Another Breitbart hack, Dan Riehl, weighed in on the subject to accuse Media Matters of being…
“…fixated on a mission to try and silence the free speech of Big Journalism editor Dana Loesch, while also engaging upon a campaign to somehow damage her with CNN.”
Riehl’s evidence is an article by Media Matters that correctly observes that Loesch’s comments were Too Extreme For Rush Limbaugh. Riehl disputes that assessment mainly by changing the subject. He utterly ignores the fact that Limbaugh, with reference to the Marines, said explicitly that “There’s no defense of this.” But Riehl peels away from that fact to post a rambling quote from Tea Party Republican Allen West that also advocates punishing the Marines and says outright that “The Marines were wrong.” It appears that the fixation is on Riehl’s part to avoid the reality that the behavior of these particular soldiers was indefensible to almost everyone but Loesch.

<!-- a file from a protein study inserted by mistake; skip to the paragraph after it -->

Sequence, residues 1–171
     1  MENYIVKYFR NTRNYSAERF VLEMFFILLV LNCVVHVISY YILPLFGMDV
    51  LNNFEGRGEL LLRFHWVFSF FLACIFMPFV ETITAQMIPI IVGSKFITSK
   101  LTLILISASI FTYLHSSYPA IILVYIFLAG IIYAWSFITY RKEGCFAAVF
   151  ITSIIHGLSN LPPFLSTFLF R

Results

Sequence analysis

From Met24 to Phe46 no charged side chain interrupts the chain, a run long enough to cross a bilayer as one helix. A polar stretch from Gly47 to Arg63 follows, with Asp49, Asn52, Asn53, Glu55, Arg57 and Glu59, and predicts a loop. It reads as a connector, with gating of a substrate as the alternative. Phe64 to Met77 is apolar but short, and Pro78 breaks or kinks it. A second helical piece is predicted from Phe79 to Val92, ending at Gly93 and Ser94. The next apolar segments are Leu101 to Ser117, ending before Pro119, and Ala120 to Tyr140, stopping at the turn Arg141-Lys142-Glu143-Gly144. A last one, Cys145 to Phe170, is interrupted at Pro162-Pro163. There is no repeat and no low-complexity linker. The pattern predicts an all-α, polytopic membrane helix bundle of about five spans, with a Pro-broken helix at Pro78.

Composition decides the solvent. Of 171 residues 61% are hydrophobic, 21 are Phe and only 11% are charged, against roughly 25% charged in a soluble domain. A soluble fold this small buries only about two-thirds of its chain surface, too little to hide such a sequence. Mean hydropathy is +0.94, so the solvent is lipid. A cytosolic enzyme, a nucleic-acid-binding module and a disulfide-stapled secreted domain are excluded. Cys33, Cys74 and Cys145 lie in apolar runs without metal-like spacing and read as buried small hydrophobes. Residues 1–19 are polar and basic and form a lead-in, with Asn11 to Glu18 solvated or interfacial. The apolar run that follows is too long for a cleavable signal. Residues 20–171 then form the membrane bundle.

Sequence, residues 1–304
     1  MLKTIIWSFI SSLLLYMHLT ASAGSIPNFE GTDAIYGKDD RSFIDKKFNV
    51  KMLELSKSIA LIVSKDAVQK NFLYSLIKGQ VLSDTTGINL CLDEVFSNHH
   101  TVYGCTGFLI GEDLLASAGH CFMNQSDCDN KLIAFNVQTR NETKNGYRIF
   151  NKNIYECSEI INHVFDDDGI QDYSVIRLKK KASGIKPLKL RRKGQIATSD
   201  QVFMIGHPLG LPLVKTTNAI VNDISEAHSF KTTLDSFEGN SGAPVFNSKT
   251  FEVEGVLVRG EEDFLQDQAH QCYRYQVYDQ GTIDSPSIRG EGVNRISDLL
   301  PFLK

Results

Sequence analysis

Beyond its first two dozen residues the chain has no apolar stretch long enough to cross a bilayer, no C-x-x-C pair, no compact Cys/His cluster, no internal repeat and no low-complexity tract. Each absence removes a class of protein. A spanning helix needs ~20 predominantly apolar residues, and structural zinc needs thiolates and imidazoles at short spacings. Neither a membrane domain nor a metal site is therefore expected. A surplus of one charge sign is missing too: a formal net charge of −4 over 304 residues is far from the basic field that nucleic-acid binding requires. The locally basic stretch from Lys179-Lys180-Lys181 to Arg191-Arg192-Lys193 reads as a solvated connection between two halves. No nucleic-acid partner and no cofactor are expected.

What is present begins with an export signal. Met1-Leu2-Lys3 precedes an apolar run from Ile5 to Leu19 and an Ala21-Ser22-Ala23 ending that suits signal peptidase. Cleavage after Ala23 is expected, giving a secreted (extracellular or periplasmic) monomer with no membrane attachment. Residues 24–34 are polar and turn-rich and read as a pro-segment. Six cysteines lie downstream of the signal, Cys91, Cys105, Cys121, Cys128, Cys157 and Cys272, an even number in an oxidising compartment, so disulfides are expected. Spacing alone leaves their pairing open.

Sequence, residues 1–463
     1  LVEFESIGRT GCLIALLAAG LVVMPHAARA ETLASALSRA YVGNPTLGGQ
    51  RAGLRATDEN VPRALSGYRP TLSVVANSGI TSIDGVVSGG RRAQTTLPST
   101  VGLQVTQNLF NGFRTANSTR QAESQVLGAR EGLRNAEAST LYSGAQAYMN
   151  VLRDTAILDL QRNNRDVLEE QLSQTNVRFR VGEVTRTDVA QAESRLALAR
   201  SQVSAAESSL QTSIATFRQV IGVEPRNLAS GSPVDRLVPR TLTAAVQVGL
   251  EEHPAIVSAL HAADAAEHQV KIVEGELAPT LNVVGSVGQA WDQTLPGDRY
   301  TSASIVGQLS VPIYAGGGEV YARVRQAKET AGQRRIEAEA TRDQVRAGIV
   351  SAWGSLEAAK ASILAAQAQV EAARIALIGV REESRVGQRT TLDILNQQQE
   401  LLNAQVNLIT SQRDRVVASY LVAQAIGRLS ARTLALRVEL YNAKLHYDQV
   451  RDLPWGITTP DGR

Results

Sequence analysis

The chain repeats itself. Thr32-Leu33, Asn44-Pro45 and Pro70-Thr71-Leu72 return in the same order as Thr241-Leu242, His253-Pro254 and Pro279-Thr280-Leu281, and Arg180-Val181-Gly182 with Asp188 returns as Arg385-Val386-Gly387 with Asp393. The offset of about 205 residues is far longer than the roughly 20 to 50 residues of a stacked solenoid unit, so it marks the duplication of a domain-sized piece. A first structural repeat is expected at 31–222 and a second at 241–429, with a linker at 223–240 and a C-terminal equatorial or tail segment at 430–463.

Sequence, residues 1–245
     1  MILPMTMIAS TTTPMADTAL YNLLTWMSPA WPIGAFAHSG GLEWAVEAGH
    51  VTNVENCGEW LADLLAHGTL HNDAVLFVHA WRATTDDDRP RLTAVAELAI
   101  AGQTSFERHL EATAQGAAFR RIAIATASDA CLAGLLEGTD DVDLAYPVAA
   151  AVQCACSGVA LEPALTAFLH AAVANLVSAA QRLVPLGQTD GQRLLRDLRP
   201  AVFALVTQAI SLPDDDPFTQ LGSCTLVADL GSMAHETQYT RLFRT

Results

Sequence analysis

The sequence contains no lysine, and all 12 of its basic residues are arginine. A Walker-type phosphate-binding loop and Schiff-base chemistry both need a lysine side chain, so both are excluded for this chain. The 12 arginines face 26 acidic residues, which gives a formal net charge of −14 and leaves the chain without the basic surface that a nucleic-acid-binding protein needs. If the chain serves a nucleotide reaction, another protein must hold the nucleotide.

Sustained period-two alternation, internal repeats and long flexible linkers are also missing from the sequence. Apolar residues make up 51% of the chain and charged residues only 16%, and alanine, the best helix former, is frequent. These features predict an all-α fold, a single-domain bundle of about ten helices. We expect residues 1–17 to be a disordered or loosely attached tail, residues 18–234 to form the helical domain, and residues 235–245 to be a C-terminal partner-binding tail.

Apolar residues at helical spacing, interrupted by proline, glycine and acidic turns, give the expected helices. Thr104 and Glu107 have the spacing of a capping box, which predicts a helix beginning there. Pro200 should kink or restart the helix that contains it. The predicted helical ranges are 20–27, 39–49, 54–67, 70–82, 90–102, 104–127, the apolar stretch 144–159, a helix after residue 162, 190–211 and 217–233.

As for Loesch, her own defense that she published on BigJournalism was an incoherent jumble of phony patriotism and self-aggrandizement. Her primary argument was that…
“There is a difference in advocating for the Marines to break the law, which I didn’t do, and defending them from overly-dramatic hysteria.”
Of course, defending them is precisely what she did. Even to the point of declaring that she would have “dropped trou” and joined them (which I’m sure they would have loved). Nevertheless, she contradicts herself a few paragraphs down by stating that “I won’t condemn American soldiers on the battlefield.” Not even, apparently, when they engage in condemnable acts that their commanders have no problem condemning.